In the past three years the council has built a stand-alone
council chamber and civil defence headquarters in its
Stafford St office block's car park but a long-term
solution to its overcrowding problems has yet to be found.
Photo by ODT.
The Otago Regional Council will go into the next
triennium having lost considerable experience from around its
table, yet facing crunch time on some big issues.
In the past year long-term chief executive Graeme Martin has
retired and veteran councillor Duncan Butcher is bowing out
at this election.
The loss of experience could grow, given there are
challengers for all seats on the council except for Moeraki -
11, including sitting councillors, fighting for six Dunedin
seats, seven, including one incumbent, fighting for three
Dunstan seats and three, including the incumbents, standing
for the two Molyneux seats.
Whatever the council's composition after October 12, there
are testing times ahead for it and new chief executive Peter
While the present council managed to get its 6A rural water
quality plan change through to adoption, the hard work is
just beginning - implementation when there are still a lot of
unknowns about how the standards are going to be measured and
an Environment Court hearing in January.
As the 2021 deadline for water-mining rights to change to
Resource Management Act consents comes closer, water
allocation and minimum flow setting becomes more urgent.
Also dominating is the work to determine a new Regional
Policy Statement, which governs the future of natural and
physical resources in Otago.
It will require significant input and agreement from Otago's
district and city councils to ensure consistency with their
district plans and to meet the Government's changing
Then there is the ''albatross'' around the council's neck,
its housing issue. In the past three years the council has
built a stand-alone council chamber and civil defence
headquarters in its Stafford St office block's car park but a
long-term solution to its overcrowding problems has yet to be
This council has put aside $5 million in an interest-bearing
account in preparation for the future decision.
There are other challenges the council will face - continuing
to improve the region's air quality to meet national
standards, completing the Water of Leith flood protection
scheme, continual changes to public transport legislation and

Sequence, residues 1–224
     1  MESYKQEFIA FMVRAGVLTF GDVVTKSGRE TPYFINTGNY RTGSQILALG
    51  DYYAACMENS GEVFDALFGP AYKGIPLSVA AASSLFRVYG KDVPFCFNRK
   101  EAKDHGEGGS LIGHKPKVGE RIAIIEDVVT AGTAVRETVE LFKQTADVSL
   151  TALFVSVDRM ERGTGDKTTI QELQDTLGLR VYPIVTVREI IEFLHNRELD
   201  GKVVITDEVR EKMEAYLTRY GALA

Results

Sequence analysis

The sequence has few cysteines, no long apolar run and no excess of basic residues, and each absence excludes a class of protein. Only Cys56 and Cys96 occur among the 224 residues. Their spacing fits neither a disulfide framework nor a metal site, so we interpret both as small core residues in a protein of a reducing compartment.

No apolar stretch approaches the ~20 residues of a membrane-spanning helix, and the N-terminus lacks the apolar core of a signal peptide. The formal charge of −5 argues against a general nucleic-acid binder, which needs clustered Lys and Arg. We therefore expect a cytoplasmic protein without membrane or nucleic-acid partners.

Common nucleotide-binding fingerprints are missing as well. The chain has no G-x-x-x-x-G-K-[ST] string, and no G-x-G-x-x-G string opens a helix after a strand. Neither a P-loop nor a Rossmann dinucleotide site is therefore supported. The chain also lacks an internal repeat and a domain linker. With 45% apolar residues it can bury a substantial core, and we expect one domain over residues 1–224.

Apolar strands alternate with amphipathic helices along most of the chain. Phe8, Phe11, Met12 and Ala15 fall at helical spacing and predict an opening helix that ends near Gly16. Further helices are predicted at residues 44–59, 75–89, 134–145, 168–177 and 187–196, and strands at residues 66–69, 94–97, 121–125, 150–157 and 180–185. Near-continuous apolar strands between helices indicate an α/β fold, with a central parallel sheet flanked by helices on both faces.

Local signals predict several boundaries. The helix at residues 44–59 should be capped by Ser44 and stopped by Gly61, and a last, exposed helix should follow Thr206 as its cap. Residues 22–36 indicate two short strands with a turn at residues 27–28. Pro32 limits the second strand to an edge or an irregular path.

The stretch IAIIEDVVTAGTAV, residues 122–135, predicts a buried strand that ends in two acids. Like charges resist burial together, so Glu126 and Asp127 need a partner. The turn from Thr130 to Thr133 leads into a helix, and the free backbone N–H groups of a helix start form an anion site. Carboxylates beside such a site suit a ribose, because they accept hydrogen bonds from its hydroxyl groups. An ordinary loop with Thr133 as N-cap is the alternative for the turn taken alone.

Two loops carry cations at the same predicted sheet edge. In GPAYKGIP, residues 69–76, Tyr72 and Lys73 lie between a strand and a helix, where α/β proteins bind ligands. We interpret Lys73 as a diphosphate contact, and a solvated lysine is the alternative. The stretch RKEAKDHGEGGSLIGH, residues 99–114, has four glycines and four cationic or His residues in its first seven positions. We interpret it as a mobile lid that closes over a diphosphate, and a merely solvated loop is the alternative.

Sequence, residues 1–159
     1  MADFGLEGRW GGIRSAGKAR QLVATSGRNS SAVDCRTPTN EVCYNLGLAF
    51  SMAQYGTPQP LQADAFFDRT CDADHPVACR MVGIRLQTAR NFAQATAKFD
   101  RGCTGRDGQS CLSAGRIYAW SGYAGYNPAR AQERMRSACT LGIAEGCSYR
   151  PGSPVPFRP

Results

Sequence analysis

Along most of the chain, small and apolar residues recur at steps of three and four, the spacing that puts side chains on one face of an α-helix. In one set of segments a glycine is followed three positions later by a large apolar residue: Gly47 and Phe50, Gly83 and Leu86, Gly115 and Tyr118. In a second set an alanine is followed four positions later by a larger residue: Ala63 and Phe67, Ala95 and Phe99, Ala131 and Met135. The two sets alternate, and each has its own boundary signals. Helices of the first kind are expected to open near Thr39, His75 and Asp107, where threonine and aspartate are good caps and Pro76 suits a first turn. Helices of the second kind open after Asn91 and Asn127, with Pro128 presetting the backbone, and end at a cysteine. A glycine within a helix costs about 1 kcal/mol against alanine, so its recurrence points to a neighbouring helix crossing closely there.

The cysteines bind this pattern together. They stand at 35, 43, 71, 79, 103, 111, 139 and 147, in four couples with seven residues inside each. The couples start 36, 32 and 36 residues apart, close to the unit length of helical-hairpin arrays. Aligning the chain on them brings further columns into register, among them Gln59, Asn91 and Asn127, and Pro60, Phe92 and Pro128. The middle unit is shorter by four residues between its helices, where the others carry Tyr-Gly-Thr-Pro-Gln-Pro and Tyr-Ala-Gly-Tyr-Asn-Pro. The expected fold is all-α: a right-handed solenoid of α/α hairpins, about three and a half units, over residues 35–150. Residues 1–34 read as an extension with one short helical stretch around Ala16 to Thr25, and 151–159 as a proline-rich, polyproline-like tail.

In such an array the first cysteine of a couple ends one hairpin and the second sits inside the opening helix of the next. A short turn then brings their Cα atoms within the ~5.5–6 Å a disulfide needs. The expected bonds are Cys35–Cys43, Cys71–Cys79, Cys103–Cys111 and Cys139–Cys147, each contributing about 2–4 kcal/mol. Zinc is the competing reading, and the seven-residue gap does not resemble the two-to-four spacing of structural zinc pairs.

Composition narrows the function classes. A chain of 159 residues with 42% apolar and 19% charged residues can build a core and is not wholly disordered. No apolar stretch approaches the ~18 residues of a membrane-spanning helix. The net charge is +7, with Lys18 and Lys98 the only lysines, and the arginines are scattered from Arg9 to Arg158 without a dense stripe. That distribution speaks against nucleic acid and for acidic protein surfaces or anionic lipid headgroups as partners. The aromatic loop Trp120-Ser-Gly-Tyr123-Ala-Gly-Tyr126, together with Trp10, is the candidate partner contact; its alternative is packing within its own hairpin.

keeping tabs on landowners to ensure they keep their rabbit
Then there is the work that cannot be predicted - responding
to flooding and other natural disasters.
The council dealt with six flood events in the past year.
However, the work has not daunted the councillors; all but Cr
Butcher are standing again this year.
Chairman Stephen Woodhead is standing in the Molyneux
constituency that role and that of the deputy will be decided
after the election.
The new council's first job will be to elect both. Deputy
chairman David Shepherd is also standing, and long-time
Mosgiel community board member Brian Miller is challenging
for one of the two Molyneux seats.
Adding another seat to the Dunstan constituency means there
are three positions available;
incumbent Gerry Eckhoff is up against emergency management
professional Jon Mitchell, Lowburn farmer Murray MacMillan,
farmer Gary Kelliher, farm manager and real estate agent
Chris Pascoe and PGG wool representative Graeme Bell.
Company director Andrew Rutherford is also standing again,
having failed to secure a seat in 2010.
Incumbent Dunedin councillors Gretchen Robertson, Louise
Croot, Sam Neill, Trevor Kempton, Michael Deaker and Bryan
Scott are being challenged by new candidates business mentor
Austen Banks, mental health consultant Graham Roper, Otago
Boys' High School rector Clive Rennie, who will give up his
day job if elected, and University of Otago scientist Marc
Cr Doug Brown was elected to the Moeraki constituency
• Second largest region in New Zealand by land area, about
• Includes four districts: Clutha, Queenstown Lakes, Central
Otago, part of Waitaki, plus Dunedin City.
• Population: 211,300; 60% live in Dunedin.
• 12 councillors , up from 11, with increase of Dunstan
councillors from 2 to 3.
• Constituencies: Dunedin (6 councillors), Dunstan (3),
Molyneux (Taieri and South Otago) (2) and Moeraki (1).
• 100% shareholder in Port Otago.
• General rate increase of 2.97% for 2013-2014.